With a lawsuit over the program looming in September, President Donald Trump is being forced to consider whether to repeal DACA, or Deferred Action for Childhood Arrivals.
Known as ‘Dreamers,’ recipients of DACA are generally young adults who illegally immigrated to the United States as children.
Contingent on being able to pass a criminal background check, Dreamers are given permission to live, work, and seek education in the United States. Every two years, they’re made to file for a renewal of their deportation deferral certificate, after which they’re granted another temporary visa allowance.
In the United States, there are some 800,000 DACA recipients, almost all of whom are facing an uncertain future as the administration ponders the possibility of eliminating the program.
Early in the 2016 presidential election, Donald Trump told media outlets and his supporters that wiping out DACA would be among his first priorities.
However, after assuming office, Donald Trump’s views on DACA became more nuanced, even as he began to clamp down on illegal immigration and refugee entries.
In January and throughout spring, he repeatedly assured Dreamers that they could “rest well,” saying the administration had “big hearts” for people who worked hard and had no say in coming to the United States.
While many Republican centrists have backed DACA as a reasonable solution for a difficult conundrum, the political leadership of several states, including Texas, has questioned the program’s constitutionality.
An impending lawsuit, spearheaded by Texas and in conjunction with nine other states, seeks to end DACA once and for all. Some political analysts have said the endeavor has a fair chance of success.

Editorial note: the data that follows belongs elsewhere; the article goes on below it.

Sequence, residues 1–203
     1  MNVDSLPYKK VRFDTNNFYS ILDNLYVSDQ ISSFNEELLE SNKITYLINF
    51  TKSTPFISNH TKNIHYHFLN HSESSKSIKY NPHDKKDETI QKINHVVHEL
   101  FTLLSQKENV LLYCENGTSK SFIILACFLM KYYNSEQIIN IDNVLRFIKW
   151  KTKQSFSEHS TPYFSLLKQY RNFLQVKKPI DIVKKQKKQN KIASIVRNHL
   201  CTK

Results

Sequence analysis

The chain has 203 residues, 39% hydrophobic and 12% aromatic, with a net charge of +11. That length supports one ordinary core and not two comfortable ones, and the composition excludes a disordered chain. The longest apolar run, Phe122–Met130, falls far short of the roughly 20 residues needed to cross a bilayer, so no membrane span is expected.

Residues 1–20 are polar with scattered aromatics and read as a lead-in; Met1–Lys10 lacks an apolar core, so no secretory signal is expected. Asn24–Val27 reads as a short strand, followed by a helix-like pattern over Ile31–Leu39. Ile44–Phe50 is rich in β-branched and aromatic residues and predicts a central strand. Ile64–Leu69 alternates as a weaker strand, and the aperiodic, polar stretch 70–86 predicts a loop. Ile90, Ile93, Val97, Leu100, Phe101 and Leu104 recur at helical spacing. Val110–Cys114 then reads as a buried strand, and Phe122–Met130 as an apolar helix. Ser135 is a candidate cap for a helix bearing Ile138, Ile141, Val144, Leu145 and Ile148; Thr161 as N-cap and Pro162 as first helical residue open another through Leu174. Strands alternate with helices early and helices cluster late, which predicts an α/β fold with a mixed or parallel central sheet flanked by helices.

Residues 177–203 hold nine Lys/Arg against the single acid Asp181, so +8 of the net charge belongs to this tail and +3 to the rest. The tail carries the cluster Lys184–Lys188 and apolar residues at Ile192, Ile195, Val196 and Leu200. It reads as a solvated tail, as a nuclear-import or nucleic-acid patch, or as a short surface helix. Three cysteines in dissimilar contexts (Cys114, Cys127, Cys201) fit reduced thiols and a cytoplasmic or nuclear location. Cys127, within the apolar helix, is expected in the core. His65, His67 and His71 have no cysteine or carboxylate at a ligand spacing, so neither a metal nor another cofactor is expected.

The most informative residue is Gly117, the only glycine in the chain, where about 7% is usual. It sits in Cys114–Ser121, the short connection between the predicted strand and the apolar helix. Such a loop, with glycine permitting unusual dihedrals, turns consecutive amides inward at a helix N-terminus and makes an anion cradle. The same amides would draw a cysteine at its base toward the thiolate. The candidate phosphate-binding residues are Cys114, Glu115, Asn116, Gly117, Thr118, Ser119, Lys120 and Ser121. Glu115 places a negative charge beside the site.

Although it’s unlikely that every Dreamer would be immediately or surely deported – there are simply too many – DACA recipients are worrying about how they’ll continue living in the country most have called home since an early age.
Texas Attorney General Ken Paxton issued an ultimatum to the government, demanding that DACA be phased out by September 5th.
“This request does not require the Executive Branch to immediately rescind DACA or Expanded DACA permits that have already been issued,” Paxton said. “And this request does not require the federal government to remove any alien.”
The former head of the Justice Department’s Civil Rights Division, Vanita Gupta, worried about the message cutting DACA could send to the country.
“Targeting innocent immigrant young people would only deepen the moral crisis President Trump has plunged his administration into,” said Gupta, who now heads the Leadership Conference on Civil and Human Rights. “In addition to being morally bankrupt and unjust, tearing immigrant families apart is bad for our economy. And sending people deeper into the shadows will only make our communities less safe.
“Instead of sowing more hate and division, we need to get back to the basic values of justice, fairness, and inclusivity that America was built on.”